Bio-security is something every farmer or rancher should be aware of. It doesn’t matter if you have 6 pet chickens or 60 breeding birds, 5 head of cattle and 3 pigs. Protecting all of these animals is a priority. The key to keeping them safe is to use common sense and follow good bio-security practices.
Ways in Which Disease is Spread
By knowing how diseases are transmitted, you can lessen the chances that your animals will contract any of them.
- Just like people, healthy animals can become ill from sick ones. The usual methods are contaminated feed or water and actual physical contact. Dead or dying animals need to be removed immediately from common areas.
- People can be carriers and bring disease home with them. They then spread the germs around unknowingly. It is easy to become contaminated on your person, clothing and shoes, feedbags and even your vehicle.
Prevention is Key
Apply basic bio-security measures to every type of animal – whether domestic pet or livestock. It is less expensive and much easier to stop the spread of disease to begin with, than it is to fight it once it’s taken hold. After your animals have been exposed, it is already much harder to play catch up and you may still lose some of your livestock.
- Good bio-security practices should become a part of your everyday routine. Any employees or visitors to your farm should be made aware of and asked to follow your rules. If at all possible, refrain from outsiders interacting with your livestock. For those deemed necessary visits, disposable clothing and footwear is a simple and useful precaution.
- Overcrowding is something many people overlook. When you have too many animals in too small of an area, your risk for disease and illness skyrockets. Stressed animals are weakened and more susceptible to anything floating around.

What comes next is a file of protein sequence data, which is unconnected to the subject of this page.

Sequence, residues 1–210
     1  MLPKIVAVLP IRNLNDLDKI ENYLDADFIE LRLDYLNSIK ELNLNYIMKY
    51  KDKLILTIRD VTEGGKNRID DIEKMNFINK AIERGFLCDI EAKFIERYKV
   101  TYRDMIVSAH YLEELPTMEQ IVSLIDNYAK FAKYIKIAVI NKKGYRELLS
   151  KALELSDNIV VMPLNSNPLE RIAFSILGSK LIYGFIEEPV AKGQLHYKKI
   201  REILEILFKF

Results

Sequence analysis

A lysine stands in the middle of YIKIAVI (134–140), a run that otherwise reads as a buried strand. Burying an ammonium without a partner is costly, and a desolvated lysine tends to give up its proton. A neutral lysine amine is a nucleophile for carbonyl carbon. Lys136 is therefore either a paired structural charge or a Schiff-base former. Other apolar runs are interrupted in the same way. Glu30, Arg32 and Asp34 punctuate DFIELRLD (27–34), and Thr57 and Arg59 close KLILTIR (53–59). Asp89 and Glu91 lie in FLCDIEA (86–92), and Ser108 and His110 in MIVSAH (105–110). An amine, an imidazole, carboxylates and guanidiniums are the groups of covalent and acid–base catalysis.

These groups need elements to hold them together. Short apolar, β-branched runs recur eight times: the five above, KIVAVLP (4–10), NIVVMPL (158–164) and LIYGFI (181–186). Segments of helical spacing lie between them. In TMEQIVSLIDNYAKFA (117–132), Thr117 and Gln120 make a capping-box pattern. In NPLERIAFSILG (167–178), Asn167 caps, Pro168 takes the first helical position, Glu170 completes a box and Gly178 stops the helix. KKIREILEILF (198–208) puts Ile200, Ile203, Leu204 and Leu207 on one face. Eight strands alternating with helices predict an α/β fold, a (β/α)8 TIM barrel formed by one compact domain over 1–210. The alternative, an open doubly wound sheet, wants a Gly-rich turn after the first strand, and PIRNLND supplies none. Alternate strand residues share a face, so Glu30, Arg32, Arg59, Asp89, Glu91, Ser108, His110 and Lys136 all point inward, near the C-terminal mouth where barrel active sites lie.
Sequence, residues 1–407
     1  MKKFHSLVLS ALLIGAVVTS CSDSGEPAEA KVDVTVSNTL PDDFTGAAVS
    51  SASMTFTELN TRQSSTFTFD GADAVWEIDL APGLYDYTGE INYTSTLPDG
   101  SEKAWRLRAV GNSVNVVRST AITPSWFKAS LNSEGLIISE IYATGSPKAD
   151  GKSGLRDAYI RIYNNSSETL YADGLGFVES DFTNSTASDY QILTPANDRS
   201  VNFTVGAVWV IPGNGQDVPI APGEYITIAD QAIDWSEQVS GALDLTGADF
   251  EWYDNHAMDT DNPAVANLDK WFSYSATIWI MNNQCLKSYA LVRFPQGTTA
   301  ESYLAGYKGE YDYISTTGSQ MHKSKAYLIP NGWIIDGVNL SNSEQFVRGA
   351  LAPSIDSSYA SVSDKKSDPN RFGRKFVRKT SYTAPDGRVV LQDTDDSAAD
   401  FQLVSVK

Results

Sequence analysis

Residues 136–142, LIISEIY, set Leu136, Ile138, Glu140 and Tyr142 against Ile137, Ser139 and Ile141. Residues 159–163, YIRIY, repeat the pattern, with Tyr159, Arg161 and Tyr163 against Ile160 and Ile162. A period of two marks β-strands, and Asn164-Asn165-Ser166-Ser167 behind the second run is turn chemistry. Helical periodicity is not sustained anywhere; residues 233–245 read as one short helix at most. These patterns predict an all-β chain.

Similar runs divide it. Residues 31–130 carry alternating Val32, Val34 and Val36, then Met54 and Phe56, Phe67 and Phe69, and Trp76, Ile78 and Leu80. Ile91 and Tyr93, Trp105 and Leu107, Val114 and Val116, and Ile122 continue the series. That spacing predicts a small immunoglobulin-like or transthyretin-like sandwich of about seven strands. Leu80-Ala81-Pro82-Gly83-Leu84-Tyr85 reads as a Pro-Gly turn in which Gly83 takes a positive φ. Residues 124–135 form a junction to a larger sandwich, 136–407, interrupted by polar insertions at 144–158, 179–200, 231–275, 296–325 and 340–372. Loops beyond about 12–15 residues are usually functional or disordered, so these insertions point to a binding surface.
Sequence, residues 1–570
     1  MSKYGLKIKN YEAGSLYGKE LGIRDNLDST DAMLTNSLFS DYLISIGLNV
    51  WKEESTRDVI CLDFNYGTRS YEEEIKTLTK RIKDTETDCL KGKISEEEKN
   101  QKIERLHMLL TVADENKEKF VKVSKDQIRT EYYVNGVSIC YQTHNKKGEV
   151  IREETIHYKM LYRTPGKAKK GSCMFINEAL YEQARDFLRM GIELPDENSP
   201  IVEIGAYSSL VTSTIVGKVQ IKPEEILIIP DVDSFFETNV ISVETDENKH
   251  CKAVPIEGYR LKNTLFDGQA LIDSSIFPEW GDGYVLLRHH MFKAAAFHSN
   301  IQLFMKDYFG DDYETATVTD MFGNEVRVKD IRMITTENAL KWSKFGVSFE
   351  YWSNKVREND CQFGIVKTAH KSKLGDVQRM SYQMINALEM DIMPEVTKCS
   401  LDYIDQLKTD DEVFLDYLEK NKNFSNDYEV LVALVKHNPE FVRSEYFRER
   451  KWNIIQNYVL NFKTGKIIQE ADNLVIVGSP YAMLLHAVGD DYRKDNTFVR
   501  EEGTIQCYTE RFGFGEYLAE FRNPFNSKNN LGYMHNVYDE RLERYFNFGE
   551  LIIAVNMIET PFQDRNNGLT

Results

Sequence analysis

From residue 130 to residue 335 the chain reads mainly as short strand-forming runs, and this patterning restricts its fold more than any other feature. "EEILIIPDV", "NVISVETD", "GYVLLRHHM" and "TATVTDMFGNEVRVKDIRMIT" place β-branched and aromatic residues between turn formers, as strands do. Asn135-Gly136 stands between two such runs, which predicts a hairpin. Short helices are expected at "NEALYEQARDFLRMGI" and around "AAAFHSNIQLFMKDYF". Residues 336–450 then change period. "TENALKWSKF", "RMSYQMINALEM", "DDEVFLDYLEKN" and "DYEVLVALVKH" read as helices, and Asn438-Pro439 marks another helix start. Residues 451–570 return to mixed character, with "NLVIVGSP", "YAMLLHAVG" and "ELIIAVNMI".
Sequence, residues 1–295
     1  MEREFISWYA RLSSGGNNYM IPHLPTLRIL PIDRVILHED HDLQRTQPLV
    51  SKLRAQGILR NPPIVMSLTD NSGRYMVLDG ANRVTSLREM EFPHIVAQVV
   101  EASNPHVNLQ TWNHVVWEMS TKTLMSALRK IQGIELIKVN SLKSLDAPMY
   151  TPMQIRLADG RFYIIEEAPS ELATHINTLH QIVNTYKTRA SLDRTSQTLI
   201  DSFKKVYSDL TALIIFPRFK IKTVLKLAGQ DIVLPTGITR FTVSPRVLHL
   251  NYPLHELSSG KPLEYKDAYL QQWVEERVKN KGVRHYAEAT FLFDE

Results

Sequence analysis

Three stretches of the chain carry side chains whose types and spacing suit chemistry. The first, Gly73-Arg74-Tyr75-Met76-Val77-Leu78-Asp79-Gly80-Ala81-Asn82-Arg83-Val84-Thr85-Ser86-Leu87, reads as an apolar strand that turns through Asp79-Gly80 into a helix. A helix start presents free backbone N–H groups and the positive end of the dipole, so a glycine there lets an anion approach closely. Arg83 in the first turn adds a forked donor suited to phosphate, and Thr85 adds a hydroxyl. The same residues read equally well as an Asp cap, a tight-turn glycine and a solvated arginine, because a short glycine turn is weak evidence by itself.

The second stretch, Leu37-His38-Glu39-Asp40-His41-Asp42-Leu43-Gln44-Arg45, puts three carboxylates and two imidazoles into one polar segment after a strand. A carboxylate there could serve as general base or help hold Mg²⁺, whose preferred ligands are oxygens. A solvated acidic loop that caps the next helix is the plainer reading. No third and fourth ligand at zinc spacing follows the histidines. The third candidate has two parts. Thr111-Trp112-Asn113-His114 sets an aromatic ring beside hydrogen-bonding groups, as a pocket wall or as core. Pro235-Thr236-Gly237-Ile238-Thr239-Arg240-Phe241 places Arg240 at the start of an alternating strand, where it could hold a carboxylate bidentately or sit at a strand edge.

- Stay aware of local issues. Be sure you know what is happening in areas your animals may travel. This will include your dogs as well as the bull you’re loaning out for breeding. If you are told of any illness or issues, keep them home until it is resolved.
- A simple precaution that is invaluable is to quarantine new animals. This is also good practice for any of your current animals who may be acting a little off or showing some signs of sickness. Any animals returning home from elsewhere such as a show or that prized bull who went visiting the neighbors should also do a little time in isolation. By keeping them from immediately contacting your healthy livestock, you can stop any disease from spreading if they have become carriers. A thirty-day quarantine is the widely accepted standard for this preventative measure for most animals.
- Feed contamination can be easily prevented by keeping your feed covered, dry and free of mold. Rodents can’t ruin what they can’t reach.
- Many other domestic animals and wildlife can be carriers of disease without showing visible symptoms. Keep contact to a minimum. This includes wild birds interacting with your poultry.
The Power of Clean
The number one weapon in the bio-security battle is cleanliness. Regular disinfection and having everything neat and orderly is a huge step towards fighting disease and illness on your farm.
- All equipment needs to be cleaned regularly and disinfected when possible.
- Regular cleaning is a necessity with ongoing manure and waste removal.
- Always wash well before and after any contact with all animals. You must avoid the cross-contamination between healthy and sick livestock. Work with any ill or quarantined animals last in order to not carry germs or disease to the healthy ones.
- Make liberal use of disinfecting hand sanitizers and be sure any visitors do too.